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Biol Psychiatry. 2004 Jan 1;55(1):32-9.

Neuropsychological performance in pediatric bipolar disorder.

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  • 1National Institute of Mental Health Mood and Anxiety Disorders Program, National Institutes of Health, Department of Health and Human Services, Bethesda, Maryland 20892-1255, USA.



Growing awareness of childhood bipolar disorder necessitates further cognitive neuroscience research to determine unique developmental differences between pediatric and adult onset bipolar disorder. We sought to examine whether neuropsychological function in children with bipolar disorder resembles that in adults with the illness and to extend our knowledge about cognitive function in pediatric bipolar disorder.


We administered a computerized neuropsychological test battery known as the Cambridge Neuropsychological Test Automated Battery to a sample of 21 children and adolescents with bipolar disorder and compared them with 21 age- and gender-matched controls.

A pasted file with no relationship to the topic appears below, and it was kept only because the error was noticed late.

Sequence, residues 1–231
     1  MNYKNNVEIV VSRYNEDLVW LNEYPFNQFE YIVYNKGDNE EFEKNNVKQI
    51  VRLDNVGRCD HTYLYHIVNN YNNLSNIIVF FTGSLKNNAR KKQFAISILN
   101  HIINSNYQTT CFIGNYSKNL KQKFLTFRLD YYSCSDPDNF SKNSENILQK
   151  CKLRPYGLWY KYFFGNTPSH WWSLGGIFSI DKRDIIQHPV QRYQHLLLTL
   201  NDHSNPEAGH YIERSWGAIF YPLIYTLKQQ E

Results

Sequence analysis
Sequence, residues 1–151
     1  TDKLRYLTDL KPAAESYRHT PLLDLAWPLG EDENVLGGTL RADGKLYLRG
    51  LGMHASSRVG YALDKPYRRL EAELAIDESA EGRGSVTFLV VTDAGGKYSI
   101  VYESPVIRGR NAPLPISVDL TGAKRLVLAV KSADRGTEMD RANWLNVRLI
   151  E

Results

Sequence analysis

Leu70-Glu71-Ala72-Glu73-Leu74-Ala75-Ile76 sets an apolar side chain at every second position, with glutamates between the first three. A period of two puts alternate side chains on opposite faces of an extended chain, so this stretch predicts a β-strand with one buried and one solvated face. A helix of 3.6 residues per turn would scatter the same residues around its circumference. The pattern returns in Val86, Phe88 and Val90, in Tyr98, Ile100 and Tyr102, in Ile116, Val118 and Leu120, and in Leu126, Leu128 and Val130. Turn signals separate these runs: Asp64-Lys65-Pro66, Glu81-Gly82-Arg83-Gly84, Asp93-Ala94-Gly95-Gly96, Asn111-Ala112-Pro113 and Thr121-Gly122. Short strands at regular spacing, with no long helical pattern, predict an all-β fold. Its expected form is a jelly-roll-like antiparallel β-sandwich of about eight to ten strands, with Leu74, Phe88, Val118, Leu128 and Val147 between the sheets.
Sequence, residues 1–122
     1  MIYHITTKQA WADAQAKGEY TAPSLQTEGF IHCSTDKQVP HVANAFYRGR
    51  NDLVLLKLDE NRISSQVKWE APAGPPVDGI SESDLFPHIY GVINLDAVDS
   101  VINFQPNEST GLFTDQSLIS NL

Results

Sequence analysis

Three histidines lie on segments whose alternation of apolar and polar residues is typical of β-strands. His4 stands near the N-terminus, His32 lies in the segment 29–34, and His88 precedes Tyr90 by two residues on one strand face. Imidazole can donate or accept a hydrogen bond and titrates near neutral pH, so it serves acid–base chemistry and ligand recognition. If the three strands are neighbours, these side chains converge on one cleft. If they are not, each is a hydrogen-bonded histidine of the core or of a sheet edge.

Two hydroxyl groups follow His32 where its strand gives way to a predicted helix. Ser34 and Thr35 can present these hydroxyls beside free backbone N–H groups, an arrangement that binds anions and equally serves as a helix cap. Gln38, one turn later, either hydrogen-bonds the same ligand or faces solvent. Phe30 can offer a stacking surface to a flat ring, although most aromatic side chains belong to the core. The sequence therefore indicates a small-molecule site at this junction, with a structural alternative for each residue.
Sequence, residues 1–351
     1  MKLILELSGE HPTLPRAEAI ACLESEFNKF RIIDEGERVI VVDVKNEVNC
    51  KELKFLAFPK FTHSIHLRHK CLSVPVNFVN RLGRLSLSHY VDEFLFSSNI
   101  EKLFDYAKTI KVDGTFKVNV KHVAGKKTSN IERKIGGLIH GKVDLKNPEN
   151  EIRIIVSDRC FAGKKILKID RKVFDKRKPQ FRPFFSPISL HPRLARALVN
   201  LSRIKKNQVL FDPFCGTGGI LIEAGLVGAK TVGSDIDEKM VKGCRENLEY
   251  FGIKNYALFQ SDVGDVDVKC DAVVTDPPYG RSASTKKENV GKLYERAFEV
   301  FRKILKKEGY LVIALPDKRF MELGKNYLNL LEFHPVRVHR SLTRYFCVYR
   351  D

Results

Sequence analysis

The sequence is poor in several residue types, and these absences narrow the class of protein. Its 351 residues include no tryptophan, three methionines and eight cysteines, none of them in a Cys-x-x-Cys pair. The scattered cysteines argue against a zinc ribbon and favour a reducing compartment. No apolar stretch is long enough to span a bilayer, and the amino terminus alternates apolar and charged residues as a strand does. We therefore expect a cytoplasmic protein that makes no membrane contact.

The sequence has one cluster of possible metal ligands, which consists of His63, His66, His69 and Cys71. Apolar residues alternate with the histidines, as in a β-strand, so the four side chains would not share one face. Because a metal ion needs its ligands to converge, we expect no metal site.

In comparison to controls, children with bipolar disorder were impaired on measures of attentional set-shifting and visuospatial memory. Post hoc analyses in pediatric bipolar disorder subjects did not show significant associations between neuropsychological performance and manic symptomatology or attention-deficit/hyperactivity disorder comorbidity.


Cambridge Neuropsychological Test Automated Battery data presented here in pediatric bipolar disorder fit well within the broader framework of known neurocognitive deficits in adult bipolar disorder. Our pediatric bipolar disorder subjects demonstrated selective deficiencies in attentional set-shifting and visuospatial memory. Our work suggests altered ventrolateral prefrontal cortex function, especially when linked to other lesion and neuroimaging studies.

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